U.S. stocks rose up on Wednesday, supported by data that pointed to stabilization in the labor and housing markets, areas that have been stoking concerns of a double dip recession.

New claims for jobless benefits fell sharply in the latest week, while sales of new U.S. single-family homes rose in October to their highest level in a year.

That added to investors' risk appetite, which helped push the safe-haven U.S. dollar to a 15-month low against a basket of currencies <.DXY> and lifted commodity prices and natural resource stocks.

Trading volume was light one day before the Thanksgiving holiday, with many senior traders absent from trading floors. Even so, the Dow industrials were set to close at a fresh 13-month high.

Fred Dickson, market strategist at D.A. Davidson & Co. in Lake Oswego, Oregon, said the drop in weekly jobless claims and stronger home sales set a slightly better economic tone.

It's a little bit of a Thanksgiving lift on Main Street, he said. On a different day this week, we probably would have seen a big bounce in the market.

He said some of the lift should spill over to next week after a shorter trading day on Friday.

U.S. financial markets are shut on Thursday to mark Thanksgiving. The U.S. stock market will close at 1 p.m. (1800 GMT) on Friday.

The Dow Jones industrial average <.DJI> gained 30.91 points, or 0.30 percent, to 10,464,62. The Standard & Poor's 500 Index <.SPX> rose 4.70 points, or 0.43 percent, to 1,110.35. The Nasdaq Composite Index <.IXIC> added 7.70 points, or 0.35 percent, to 2,176.88.

Gold stocks were having a big day as the price of gold broke another record above $1,180 an ounce. U.S. gold miner Newmont Mining Corp rose 2.7 percent to $54.81.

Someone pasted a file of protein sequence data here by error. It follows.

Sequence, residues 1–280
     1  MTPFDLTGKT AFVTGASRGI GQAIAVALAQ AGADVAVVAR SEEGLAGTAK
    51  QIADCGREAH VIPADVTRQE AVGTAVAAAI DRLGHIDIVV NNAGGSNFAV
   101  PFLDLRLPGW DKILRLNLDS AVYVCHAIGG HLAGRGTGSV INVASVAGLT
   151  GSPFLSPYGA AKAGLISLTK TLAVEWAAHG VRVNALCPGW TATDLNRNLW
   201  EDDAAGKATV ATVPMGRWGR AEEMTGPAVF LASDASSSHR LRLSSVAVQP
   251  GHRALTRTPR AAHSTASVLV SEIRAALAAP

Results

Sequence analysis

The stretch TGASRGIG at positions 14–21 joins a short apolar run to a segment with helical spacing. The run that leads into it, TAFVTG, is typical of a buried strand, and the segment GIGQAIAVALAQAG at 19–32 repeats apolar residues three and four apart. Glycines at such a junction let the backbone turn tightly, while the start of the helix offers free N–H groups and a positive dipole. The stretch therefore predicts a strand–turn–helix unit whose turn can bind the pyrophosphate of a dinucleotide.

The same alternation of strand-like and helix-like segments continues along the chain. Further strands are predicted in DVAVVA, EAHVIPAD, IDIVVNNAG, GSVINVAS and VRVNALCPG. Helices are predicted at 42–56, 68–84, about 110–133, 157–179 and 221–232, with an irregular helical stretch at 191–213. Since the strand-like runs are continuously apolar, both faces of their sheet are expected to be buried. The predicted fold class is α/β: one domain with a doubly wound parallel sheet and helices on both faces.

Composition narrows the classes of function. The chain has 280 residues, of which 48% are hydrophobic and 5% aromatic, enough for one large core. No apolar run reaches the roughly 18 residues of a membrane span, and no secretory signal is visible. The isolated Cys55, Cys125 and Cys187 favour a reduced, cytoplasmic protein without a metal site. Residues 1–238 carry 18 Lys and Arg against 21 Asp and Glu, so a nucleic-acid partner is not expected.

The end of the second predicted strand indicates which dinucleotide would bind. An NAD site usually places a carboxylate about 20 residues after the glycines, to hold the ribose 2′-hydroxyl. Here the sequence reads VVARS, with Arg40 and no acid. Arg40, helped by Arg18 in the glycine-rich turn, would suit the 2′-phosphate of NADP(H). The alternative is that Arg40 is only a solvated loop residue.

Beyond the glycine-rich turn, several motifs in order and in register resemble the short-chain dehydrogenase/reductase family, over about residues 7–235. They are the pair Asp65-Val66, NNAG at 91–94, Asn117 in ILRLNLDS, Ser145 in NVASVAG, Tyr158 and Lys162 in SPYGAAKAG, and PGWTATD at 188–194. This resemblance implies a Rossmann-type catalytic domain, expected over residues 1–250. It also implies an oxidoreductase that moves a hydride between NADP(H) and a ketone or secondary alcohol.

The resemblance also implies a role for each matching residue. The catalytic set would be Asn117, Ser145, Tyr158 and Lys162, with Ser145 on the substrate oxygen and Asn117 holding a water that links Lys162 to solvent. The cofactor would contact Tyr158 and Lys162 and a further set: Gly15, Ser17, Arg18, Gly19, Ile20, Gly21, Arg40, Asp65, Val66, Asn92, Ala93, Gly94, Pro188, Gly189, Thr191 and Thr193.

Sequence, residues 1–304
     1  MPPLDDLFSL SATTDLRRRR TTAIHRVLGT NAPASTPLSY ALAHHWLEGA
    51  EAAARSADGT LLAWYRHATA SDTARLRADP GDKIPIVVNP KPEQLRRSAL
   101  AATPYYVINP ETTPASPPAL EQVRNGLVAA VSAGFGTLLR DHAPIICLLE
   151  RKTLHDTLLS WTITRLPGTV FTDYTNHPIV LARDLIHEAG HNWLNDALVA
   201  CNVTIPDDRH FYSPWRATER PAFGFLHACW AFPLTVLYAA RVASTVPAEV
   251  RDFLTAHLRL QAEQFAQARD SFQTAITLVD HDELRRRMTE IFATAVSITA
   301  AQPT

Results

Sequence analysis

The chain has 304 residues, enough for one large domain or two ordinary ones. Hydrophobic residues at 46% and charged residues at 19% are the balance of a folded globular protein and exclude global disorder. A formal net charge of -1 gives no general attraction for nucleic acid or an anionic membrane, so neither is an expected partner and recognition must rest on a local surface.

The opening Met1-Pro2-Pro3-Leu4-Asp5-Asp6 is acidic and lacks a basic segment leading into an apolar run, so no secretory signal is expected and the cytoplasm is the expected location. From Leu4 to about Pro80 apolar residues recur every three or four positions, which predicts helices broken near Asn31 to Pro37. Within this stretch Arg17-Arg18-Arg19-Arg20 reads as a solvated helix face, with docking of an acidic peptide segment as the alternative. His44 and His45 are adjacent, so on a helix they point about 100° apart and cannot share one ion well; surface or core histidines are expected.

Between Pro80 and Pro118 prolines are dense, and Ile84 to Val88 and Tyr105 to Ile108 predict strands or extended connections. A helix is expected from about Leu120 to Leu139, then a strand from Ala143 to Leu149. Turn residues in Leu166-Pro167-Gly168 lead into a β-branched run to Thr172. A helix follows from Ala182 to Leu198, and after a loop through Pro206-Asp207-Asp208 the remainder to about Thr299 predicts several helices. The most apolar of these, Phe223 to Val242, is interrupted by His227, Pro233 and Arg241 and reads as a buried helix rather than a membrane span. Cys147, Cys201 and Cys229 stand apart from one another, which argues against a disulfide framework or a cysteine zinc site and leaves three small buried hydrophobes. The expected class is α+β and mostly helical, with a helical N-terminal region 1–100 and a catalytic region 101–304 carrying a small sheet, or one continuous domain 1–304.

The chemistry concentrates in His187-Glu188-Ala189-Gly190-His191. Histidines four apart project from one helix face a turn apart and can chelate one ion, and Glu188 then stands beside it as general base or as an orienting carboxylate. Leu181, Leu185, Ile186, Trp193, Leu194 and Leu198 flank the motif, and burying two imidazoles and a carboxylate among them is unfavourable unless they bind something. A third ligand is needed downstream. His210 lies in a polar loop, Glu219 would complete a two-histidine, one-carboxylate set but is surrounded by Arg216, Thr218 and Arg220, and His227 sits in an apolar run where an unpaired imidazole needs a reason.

The Arca Gold Bugs index <.HUI>, which measures the performance of 15 gold miners with U.S. stock listings, rose 2.7 percent. The index is up 190 percent since late October 2008.

The Dow Jones industrial metals and mining index <.DJUSIM> rose 2.2 percent as rising metal prices boosted miners' stocks.

Shares of energy companies rose as U.S. front-month oil futures climbed $1.94, or 2.6 percent, to settle at $77.96 per barrel. Marathon Oil Corp added 1.7 percent to $33.57.

On the earnings front, shares of Tiffany & Co added 5 percent to $43.91 after the luxury retailer reported third-quarter earnings that beat expectations and raised its full-year profit view.

Deere & Co shares gained 3.3 percent to $54.03. The world's largest maker of tractors and harvesters reported a quarterly net loss on Wednesday on weak equipment sales and a series of one-time charges. But the results excluding special items were better than analysts' estimates.

The Chicago Board Options Exchange Volatility Index <.VIX>, or the VIX, a favorite barometer of investor sentiment, sank to its lowest intraday level in 15 months, dropping as low as 20.05 intraday on Wednesday.

Yet another government report showed U.S. consumer spending increased more than expected in October, while a final reading of consumer sentiment was revised up slightly in November, but was still down from October's reading, according to the Reuters/University of Michigan survey.

The positive economic data offset a report on new orders for U.S. durable goods, or long-lasting U.S. manufactured goods, which unexpectedly fell in October, weighing on stocks in early morning trading.

(Reporting by Edward Krudy; Editing by Jan Paschal)